In the West, bricks are almost always used to create straight, uniform walls in rectilinear buildings. India, on the other hand, has a long history of sculptural brickwork, using these basic architectural building blocks to form complex shapes and patterns in a mélange of red, orange, and golden hues. Some of the most visually spectacular examples of this include stunning geometric step wells and the Hindu temples of Bengal, where the bricks are mixed with both figurative and decorative terracotta relief plates.
Architectural firm Abin Design Studio (ADS) drew on this tradition for a beautiful new modern building in the town of Bansberia, West Bengal. “Gallery House” features an organic asymmetrical shape, a facade of rectangular bricks laid in dynamic patterns, and a cantilevered terrace that projects out over the front steps. The client originally purchased this plot of land across the street from his house as a parking lot for his vehicles, subsequently hiring the architects to build a garage with staff quarters above it.
Upon being asked, ADS had just completed the client’s home, “Wall House,” itself a contemporary residence clad in weathered steel occupying nearly 7,000 square feet. Built out to the edges of the plot, the home embraces the ongoing trend of inscrutable street-facing facades concealing luxurious courtyards, lawns, and pools. Not wanting to take up too much of the public lands, the architects managed to convince the client to use the lot across the street in a way that gave back to his fellow citizens instead of expanding his private complex.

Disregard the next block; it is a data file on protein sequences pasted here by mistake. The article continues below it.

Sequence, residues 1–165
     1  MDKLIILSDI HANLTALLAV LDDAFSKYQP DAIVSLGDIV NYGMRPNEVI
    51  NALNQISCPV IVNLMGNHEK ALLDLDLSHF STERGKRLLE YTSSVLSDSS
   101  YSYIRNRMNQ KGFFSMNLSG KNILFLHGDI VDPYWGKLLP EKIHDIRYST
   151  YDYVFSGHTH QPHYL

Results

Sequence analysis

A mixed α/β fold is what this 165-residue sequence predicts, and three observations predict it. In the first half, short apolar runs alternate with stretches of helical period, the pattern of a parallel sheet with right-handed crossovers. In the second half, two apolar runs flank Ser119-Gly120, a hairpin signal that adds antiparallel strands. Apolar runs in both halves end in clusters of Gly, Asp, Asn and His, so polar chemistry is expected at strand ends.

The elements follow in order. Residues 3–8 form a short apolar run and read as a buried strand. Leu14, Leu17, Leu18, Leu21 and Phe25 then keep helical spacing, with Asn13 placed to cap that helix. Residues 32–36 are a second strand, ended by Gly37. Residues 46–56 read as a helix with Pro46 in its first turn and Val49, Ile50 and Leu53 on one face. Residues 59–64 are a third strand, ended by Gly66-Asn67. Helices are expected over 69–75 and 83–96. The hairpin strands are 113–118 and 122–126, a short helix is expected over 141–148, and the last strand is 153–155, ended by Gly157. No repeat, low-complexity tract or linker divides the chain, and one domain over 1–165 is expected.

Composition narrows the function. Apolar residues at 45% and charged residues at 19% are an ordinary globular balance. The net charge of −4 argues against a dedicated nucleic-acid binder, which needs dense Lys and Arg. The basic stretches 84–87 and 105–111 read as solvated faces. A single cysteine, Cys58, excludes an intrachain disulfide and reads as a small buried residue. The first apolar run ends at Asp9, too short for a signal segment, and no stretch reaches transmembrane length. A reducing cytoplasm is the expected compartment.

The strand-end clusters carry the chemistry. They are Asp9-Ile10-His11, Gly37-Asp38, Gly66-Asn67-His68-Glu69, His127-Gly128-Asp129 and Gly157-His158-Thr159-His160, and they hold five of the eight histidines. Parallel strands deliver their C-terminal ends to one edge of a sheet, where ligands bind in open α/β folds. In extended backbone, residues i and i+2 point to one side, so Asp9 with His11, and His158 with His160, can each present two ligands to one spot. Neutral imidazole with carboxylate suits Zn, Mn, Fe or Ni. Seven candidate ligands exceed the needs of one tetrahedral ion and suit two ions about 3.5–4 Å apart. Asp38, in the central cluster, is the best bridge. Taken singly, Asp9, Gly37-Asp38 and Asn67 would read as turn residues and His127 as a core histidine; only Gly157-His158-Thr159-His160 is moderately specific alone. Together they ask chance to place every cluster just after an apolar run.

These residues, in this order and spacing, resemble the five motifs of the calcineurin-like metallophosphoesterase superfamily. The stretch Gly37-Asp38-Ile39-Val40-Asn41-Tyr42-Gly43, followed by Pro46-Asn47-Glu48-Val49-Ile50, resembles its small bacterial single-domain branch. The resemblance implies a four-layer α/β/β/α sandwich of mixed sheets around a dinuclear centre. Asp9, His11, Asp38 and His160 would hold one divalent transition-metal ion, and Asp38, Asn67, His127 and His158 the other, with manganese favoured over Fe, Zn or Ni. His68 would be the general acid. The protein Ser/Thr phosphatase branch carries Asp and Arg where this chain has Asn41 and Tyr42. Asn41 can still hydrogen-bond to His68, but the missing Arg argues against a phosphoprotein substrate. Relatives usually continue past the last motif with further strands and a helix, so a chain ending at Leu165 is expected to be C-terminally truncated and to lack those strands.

The client initially agreed to build a garage on the ground level with a multipurpose public activity space overhead, featuring a design that would symbolically welcome community members by stretching out toward the street. As the project progressed, he decided he wanted to forgo the garage altogether in favor of opening more of the building up to the public. The ground floor then became a community hall, while the upper floor doubles as a dormitory for his resident staff by night and a multipurpose room for community yoga sessions and classes by day.
“The client enjoys a sense of pride and joy of ownership seeing the space put to good use,” say the architects, who add that “as a decision to introduce another architectural expression to the community, the building took cues from Bengal’s terracotta temples. Exposed brick masonry walls inlaid with ceramic blocks define the building character as a contemporary expression of the inspiration. Collaborating with a ceramic artist, rejected ceramic blocks produced for industrial use were collected. Terracotta bricks were procured from a riverside brick field located nearby. These two were combined, using locally prevalent finesse of building masonry.”
Regarding the structure’s name, the ADS team explains: “Every year, this locality holds a festive procession along the narrow, winding neighborhood lanes as a part of a cultural celebration. Reciprocating this, the building steps down towards the street form a gallery for the onlookers to sit, who gather at the street-side during this event. Through judicious planning and play of voids in volume, the integral space of the building was shared with the neighborhood people as a humane gesture of giving back to the local community, without disrupting the privacy and security of inner functions.”